From silent films to talkies - British Silent Film Festival celebrates defining era

A five-day celebration of silent and early sound cinema is coming to Leicester this month – and one of Leicester’s oldest churches is being used as a venue.

The British Silent Film Festival brings forgotten films back into the spotlight for new fans and old and is co-directed by Laraine Porter, of De Montfort University Leicester (DMU).

Laraine, who is part of DMU’s Cinema and Television History (CATH) Research Centre, is leading a major research project which looks for the first time at how the British film industry adapted to the advent of “talkies”.

Alongside revealing talks and presentations will be some of the most popular British films in silent and early sound - including PG Wodehouse’s golf stories, a comedy duo dubbed the Danish Laurel and Hardy, moving war dramas and silent films which have only recently been restored.

The festival begins on Wednesday, September 13 with a day-long symposium on the emergence of sound in British cinema and ends with a screening of Edgar Allan Poe films in St Mary de Castro church – complete with candles and organ accompaniment.

Between Thursday and Sunday, the films will be shown at Leicester’s Phoenix Cinema. Click here for a timetable. Many of the films will be introduced by experts explaining the context and revealing trivia as well as the background to the films.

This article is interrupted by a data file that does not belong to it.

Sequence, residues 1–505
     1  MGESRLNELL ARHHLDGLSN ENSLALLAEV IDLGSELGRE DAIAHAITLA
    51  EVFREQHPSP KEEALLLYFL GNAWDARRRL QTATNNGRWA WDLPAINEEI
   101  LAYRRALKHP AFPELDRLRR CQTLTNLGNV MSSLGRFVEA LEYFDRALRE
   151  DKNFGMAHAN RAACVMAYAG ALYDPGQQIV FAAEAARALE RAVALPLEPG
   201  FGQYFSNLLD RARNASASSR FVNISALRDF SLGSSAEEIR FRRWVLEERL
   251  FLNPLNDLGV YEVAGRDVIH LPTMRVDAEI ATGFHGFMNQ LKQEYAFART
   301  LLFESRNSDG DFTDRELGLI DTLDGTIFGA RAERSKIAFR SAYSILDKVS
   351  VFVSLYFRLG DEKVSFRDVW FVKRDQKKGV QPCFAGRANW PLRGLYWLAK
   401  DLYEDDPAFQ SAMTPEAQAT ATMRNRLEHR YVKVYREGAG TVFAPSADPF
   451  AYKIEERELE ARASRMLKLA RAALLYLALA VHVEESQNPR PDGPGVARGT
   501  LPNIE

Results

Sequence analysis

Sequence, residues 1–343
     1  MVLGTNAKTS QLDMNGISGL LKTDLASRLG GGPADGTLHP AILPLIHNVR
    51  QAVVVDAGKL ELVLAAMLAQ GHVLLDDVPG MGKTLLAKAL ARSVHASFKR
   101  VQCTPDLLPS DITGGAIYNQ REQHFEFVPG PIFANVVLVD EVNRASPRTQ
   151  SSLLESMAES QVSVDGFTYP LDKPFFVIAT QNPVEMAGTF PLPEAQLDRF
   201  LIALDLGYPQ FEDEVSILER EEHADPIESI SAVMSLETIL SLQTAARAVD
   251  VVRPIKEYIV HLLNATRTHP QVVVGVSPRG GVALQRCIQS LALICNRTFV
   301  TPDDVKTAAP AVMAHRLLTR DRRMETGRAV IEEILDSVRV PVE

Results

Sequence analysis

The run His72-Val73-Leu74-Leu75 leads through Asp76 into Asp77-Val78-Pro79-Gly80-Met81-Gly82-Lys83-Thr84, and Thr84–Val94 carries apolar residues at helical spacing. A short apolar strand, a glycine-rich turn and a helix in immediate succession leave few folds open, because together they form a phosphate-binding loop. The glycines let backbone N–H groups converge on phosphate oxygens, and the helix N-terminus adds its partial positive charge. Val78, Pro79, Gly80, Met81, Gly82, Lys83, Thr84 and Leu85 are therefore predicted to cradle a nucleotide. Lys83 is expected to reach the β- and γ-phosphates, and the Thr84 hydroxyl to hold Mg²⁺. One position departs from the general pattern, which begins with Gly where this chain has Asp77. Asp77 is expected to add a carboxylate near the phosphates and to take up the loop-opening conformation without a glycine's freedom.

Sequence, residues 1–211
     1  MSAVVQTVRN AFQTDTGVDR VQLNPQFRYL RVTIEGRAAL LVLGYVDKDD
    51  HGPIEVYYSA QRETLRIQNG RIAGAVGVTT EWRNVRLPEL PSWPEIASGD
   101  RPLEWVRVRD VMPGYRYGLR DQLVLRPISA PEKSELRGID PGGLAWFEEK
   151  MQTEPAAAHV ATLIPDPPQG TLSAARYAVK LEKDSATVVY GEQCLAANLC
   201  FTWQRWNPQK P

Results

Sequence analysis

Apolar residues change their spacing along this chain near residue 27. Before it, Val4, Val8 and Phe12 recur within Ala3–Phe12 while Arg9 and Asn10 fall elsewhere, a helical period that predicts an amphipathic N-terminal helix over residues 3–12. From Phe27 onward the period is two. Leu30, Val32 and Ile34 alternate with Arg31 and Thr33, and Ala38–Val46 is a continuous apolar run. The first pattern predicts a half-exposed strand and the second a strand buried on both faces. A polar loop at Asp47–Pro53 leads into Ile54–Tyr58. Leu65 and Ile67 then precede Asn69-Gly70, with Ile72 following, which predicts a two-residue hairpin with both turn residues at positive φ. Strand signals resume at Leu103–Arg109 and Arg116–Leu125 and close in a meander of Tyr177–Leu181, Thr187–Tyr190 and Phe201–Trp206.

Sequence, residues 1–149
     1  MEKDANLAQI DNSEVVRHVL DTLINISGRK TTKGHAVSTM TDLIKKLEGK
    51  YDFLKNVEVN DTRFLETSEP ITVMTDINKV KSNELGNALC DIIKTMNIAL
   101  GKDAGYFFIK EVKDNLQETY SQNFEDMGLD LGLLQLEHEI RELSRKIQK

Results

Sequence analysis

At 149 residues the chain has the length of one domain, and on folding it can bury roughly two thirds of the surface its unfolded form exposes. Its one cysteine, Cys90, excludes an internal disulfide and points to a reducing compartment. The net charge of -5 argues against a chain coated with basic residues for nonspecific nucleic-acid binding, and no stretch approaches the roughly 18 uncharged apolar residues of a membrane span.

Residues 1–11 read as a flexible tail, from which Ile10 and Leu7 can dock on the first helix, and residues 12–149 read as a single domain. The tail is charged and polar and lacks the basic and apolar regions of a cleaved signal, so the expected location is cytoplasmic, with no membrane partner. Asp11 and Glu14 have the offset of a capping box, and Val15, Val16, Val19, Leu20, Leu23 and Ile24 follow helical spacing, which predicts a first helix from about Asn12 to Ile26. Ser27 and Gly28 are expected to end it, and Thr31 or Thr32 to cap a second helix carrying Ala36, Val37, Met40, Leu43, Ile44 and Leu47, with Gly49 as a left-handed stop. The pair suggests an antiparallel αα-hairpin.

Highlights include:

•    The Pleasure Garden, a romantic comedy which was the directorial debt of Alfred Hitchcock
•    Cocktails (1928) starring Pat and Patachon, dubbed the Danish Laurel & Hardy
•    Paradise, starring British bombshell Betty Balfour as a girl who falls foul of a fortune hunting baddie in France’s Cote d’Azure
•    Rookery Nook (1930), a smash hit farce based on the hugely popular stage plays
•    Hirondelle et la Mésange (1920), a silent film made in 1920 showing Flanders after the First World War. This stunning film was not seen for 60 years until its debt at the San Francisco film festival
•    Vampyr, a 1932 thriller about a village under the curse of the undead

Laraine said: “In Britain, as in America, the talkies genuinely caught people napping. They really didn’t see it coming, and didn’t think it would last. When you read the records in 1928 people are still talking about it being a fad, or a bit low brow.

“So when they realised they were wrong in 1929 there was a mad rush to convert, which all happened in the space of a year, a crazy timetable.
“We have chosen these films because they show how Britain was before the coming of talking pictures, and how it tried to make the transition. Britain’s first “talkies” were more literary than America, which used musicals and gangster flicks so you find a lot of stage adaptations – they literally took what worked in the theatre and filmed it.”

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Leading silent cinema musicians including Neil Brand, Stephen Horne, Philip Carli, John Sweeney and harpist Elizabeth-Jane Baldry will also be performing.

“I’m very excited about the musicians who will be performing at the festival,” said Laraine. “We have an organist in the church accompanying the Poe films which will be so atmospheric, the acoustics in St Mary de Castro are stunning. For Hirondelle, we have a harpist who will be performing a score that is being written especially for the film.”

Tickets are on sale now for the festival. People can buy day tickets, a five day pass or tickets for three individual events: the Edgar Allan Poe evening, Vampyr and Hirondelle et la Mesange.

The festival is supported by the Arts and Humanities Research Council, the National Lottery and the British Film Institute.
Posted on Monday 4th September 2017

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